2 Corinthians 10:4 Parallel Verses [⇓ See commentary ⇓]

2 Corinthians 10:4, NIV: The weapons we fight with are not the weapons of the world. On the contrary, they have divine power to demolish strongholds.

2 Corinthians 10:4, ESV: For the weapons of our warfare are not of the flesh but have divine power to destroy strongholds.

2 Corinthians 10:4, KJV: (For the weapons of our warfare are not carnal, but mighty through God to the pulling down of strong holds;)

2 Corinthians 10:4, NASB: for the weapons of our warfare are not of the flesh, but divinely powerful for the destruction of fortresses.

2 Corinthians 10:4, NLT: We use God's mighty weapons, not worldly weapons, to knock down the strongholds of human reasoning and to destroy false arguments.

2 Corinthians 10:4, CSB: since the weapons of our warfare are not of the flesh, but are powerful through God for the demolition of strongholds. We demolish arguments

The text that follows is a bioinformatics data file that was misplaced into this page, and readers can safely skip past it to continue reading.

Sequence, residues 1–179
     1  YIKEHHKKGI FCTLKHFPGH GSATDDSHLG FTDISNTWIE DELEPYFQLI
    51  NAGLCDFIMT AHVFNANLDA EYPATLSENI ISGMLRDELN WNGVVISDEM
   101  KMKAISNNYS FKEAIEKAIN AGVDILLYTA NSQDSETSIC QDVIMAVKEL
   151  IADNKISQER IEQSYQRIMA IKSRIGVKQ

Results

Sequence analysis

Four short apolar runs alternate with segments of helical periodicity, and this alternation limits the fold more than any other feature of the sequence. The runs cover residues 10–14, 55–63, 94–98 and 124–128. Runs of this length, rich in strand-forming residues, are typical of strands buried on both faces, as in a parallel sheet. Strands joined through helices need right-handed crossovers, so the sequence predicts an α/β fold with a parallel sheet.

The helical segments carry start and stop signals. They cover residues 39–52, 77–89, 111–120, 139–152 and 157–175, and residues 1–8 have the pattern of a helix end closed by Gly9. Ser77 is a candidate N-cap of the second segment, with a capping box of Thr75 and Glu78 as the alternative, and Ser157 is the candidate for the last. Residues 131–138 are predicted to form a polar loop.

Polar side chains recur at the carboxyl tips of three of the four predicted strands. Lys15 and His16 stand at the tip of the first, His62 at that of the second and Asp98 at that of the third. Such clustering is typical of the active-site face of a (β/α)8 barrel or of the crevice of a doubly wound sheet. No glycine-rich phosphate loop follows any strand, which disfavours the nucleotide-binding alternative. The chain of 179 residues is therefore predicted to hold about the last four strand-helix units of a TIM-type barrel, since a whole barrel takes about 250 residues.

What does 2 Corinthians 10:4 mean? [⇑ See verse text ⇑]

Opponents to Paul's ministry have, perhaps, challenged his authority as an apostle or maybe even his qualifications to be an apostle. Paul has agreed that he and his co-workers for the gospel are limited by fleshly human bodies that are wasting away (2 Corinthians 4:16), but he wrote in the previous verse that they do not wage war with their physical bodies. The body is involved, of course, but it's not the primary way we battle in the spiritual realm.

The fact that Paul introduces warfare into the conversation signals the seriousness he gives this conflict. Those among the Corinthians challenging his authority are not merely competing, they are disrupting the growth and health of the church. Paul knows this is not a simple contest for power. It is a spiritual battle with eternal consequences. He and his friends take on this battle armed with spiritual weapons, not physical or "fleshly" ones.

These powerful weapons can "destroy strongholds," translated quite literally from the Greek kathairesin ochyrōmatōn. This phrase implies the ability to overcome resistance and break through barriers. The Greek root word ochuroma also referred to arguments used during a debate; this adds a focus to Paul's statement. In other letters, Paul describes prayer and the Word of God as spiritual weapons (Ephesians 6:17–18). These weapons access God's power to destroy concentrated resistance of God's enemies, particularly by demonstrating that they are false.